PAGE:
Everyone should play their part to make child poverty unacceptable across the city. Anyone who lives or works in Birmingham and wants to share their views can contact email: childpovertycommission@birmingham.gov.uk or Twitter @fairbrum

Is it child’s play: creating an anti-poverty childcare system?

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Every parent wants the best start for their child and a recent study published by Joseph Rowntree Foundation (JRF), Creating an anti-poverty childcare system highlights how the current child care system doesn’t focus enough on providing high quality early learning for our children to protect them against the negative effects of poverty.

With a complex system currently looking more like a game of snakes and ladders, what you receive in one hand rapidly slides away in the other, but the losers in this game can be the children in the long term.

Kicking off with “2.3 million children in the UK are living below the Child Poverty Act 2010 relative poverty threshold, representing one-fifth of all children” the Executive Summary high lights how we need to change things.

The report calls for a childcare system which maximises on quality with well-qualified, experienced staff able to identify and respond to children’s needs; a good social mix of children; a proactive approach to supporting home learning; and strong links with early intervention services.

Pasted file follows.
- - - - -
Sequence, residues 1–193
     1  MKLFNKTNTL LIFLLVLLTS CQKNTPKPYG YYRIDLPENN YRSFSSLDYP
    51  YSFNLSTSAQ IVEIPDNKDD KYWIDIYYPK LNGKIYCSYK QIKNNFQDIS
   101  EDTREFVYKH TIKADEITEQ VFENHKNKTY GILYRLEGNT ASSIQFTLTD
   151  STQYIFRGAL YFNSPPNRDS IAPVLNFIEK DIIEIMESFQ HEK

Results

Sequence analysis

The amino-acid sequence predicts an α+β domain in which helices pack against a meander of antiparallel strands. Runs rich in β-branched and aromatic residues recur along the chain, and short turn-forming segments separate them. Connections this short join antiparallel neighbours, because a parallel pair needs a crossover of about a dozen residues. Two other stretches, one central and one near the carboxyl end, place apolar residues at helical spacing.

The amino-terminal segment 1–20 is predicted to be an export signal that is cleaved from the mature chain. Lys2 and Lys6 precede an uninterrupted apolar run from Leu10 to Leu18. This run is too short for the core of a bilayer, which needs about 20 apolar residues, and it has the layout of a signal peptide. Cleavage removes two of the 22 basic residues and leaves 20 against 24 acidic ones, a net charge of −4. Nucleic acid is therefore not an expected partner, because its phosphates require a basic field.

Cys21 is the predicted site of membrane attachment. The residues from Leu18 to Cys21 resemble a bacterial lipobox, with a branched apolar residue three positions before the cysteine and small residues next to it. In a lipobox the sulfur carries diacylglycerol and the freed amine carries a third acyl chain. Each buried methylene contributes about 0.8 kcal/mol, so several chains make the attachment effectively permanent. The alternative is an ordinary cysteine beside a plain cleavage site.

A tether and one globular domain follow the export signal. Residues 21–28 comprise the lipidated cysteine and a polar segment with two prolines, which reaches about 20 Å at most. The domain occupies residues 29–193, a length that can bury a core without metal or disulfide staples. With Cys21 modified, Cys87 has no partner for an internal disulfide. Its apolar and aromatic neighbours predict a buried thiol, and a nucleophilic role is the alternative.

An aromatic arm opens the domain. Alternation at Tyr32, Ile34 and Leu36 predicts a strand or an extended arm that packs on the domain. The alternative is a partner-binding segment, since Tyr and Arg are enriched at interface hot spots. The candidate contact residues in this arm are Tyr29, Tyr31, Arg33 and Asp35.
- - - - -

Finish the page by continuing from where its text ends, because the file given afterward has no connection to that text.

The system also needs to remove the barriers of affordability and access for parents on low incomes, allowing them the flexibility and opportunity to find work in good quality jobs and not just taking a lower paid job that fits with the standard childcare hours.

It is suggested that policy-makers should grasp the opportunity to translate the potential of this system into reality by responding to four key themes:

  • Providing high quality early education and effective early intervention
  • Supporting parents through accessible, flexible childcare
  • Childcare and Universal Credit
  • Childcare subsidy reform and supply-funded childcare

What ever government plans to do, it needs to move now to provide our children with the opportunities to fulfil their potential and create a better society, surely better statistics would be “2.3 million children out of poverty?”

To download the study click here: anti_pov_childcare_full_0 (1)

Do you or your organisation have a view on this study? Why not share your views with the commission?

Tweeter: @fairbrum

Email: childpovertycommission@birmingham.gov.uk

 

Difficulty speaking English increases chances of poverty